I have my own LLC “KCxperience.” When I graduated college I went home and remember being around as a kid in the summer not being able to afford to go to a basketball camp, being able to only go to one and it might not have even been the one I thought was best. Besides that you just did your own thing, go to the rec center, hoop with your boys and go home. Even in that, not everyone's situation allowed them to do that consistently. I wanted to create a way to give back and inspire. I’ve done a few free clinics and as time progressed I’ve kept in touch with different kids to track their progress as far as education. If they did good I would reward that behavior to keep them going. It was something I had growing up but I didn't pay attention to how important it was. So many people fall off because people don’t feel they or their work is appreciated.
KCxperience started off as that but for years we ran camps yearly and from about 2016-2017 my best friend Tamera Young (WNBA Player) wanted to do a 3 on 3 competition. The concept fit both our brands and personal walks of life. I lost my father due to cancer when I was 16 and she had recently lost her father to cancer prior to the 3 on 3 competition. As a give back to the community, all proceeds of the 3 on 3 tournament went to cancer research. In the second year of the 3 on 3, I organized a camp which was the biggest one yet with roughly 75 kids. It’s great to know I started something helpful. We have a few kids currently playing college basketball and two guys playing professionally overseas. I know for a fact they never would have thought of playing overseas if they hadn’t met me and come across the KCxperience brand.
KCxperience may be my brand but it is honestly a people's brand. It should serve as inspiration..The campaign I am running right now with my merchandise is “More Love Less Hate.” Because my brand is basketball and sports based initially, I still know that basketball is a metaphor to life. Within the world and in the basketball industry it can be a little bit more love and less hate.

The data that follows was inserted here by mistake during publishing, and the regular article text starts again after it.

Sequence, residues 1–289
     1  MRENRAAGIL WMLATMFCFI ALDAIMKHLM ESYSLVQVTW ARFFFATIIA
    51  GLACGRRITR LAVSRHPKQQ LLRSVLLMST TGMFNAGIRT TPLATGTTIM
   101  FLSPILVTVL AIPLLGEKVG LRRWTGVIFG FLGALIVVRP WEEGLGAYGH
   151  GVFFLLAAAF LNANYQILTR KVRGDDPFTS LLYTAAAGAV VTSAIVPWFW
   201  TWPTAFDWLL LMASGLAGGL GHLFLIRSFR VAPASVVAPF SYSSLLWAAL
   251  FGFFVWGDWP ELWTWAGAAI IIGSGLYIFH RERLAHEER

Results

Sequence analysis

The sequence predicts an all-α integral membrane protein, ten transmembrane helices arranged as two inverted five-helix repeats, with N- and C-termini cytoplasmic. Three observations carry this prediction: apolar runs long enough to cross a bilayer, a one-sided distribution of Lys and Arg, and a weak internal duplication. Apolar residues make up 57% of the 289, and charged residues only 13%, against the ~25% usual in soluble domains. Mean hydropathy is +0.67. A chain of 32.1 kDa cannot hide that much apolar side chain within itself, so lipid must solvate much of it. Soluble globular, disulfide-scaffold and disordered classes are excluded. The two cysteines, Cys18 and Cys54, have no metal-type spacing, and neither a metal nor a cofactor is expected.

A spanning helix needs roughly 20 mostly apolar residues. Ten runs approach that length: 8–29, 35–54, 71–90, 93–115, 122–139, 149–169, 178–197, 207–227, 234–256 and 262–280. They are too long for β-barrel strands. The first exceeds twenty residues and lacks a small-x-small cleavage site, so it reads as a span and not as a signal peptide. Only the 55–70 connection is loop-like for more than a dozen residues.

I see on your Instagram page #KCShotit, are you into photography as well?
It’s another passion that I have found along the way. I like to capture moments and know the feeling of having them captured of me as well. So instead of always taking camera phone photos and losing them once I upgraded my device…I decided to pick up a professional camera. I’ve been slightly hesitant to fully show my photography skills because I know it takes a lot of work to put into it. I don’t want to disrespect the craft. But soon I will put my work on display and get more into it. For now, I will keep taking pics after my workouts or practice while icing my knees and ankles on the sidelines.
Is there any special thanks you would like to give for helping throughout your journey?
For sure I want to thank my mom, that is a no brainer for me. She made a way for me to be able to play some weekends when I know she probably couldn’t afford to. Forever thankful for that. Thanks to all the coaches that gave me a chance to play for them. A special thanks to Phil Handy for introducing me to pro life with his workouts. I thought I was prepared until I met him and had to really figure it out. Also, thanks to John “Skipp” Hawthorne, that’s my guy. I think I met him at the perfect time of my playing career. He literally has spent countless hours in the gym with me to keep my game sharp the past six years. Lastly, a huge thank you to the game of basketball. I can’t imagine my life without it. In fact, this interview wouldn’t be happening if I never picked up a ball.